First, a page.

We historically have used a service charge to offset payroll expenses. As an off-premise catering company, how do we state this included charge to comply with the new [automatic gratuity] standards?
– Caryn Hasslocher, CEO, Fresh Horizons Catering, San Antonio, TX
Since writing about the new IRS regulations treating automatic gratuities as service charges a few weeks ago, a number of related questions have arisen.
The main change in automatic gratuity (auto grat) reporting is that if you automatically add a gratuity to a bill, it is considered a service charge and is subject to FICA and other taxes, as Restaurant Business has previously reported.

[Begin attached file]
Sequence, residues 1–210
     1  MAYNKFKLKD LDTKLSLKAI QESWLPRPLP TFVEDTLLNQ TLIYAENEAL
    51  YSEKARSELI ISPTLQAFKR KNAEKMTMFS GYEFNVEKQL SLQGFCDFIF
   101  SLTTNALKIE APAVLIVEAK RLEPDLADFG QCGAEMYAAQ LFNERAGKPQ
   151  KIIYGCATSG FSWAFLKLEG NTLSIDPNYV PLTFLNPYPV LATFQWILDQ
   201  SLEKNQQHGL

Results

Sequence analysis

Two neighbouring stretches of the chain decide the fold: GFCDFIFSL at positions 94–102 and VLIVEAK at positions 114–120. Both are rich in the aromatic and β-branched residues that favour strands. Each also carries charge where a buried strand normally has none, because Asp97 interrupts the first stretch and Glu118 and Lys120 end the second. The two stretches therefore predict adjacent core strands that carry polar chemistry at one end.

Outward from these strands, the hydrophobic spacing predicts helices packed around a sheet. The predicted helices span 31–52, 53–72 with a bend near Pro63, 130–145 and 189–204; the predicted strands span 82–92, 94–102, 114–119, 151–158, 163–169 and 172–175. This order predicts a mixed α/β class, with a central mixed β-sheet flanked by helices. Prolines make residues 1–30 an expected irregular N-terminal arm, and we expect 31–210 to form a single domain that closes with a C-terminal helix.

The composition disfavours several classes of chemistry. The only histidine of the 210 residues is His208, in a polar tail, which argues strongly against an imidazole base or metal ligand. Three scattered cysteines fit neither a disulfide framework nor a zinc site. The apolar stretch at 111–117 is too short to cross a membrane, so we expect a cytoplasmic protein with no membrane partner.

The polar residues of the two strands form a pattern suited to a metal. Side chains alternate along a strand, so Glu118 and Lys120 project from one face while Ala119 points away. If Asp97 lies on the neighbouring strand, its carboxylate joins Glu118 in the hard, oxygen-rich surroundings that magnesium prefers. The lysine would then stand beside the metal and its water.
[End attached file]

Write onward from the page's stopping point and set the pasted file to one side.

In your case, as a caterer who has already been using service charges, you have likely been paying these taxes already. The transition from auto grat to service charge shouldn’t have any impact for you. That said, if you have been treating your service charge as a gratuity, you will now need to handle it the way you would your other payroll expenses. As a caterer who relies on the service charge for a large portion of payroll, I would certainly not recommend going to an optional gratuity model as many restaurants are doing to weather the auto grat change.
The specific legal language of the change can be found here.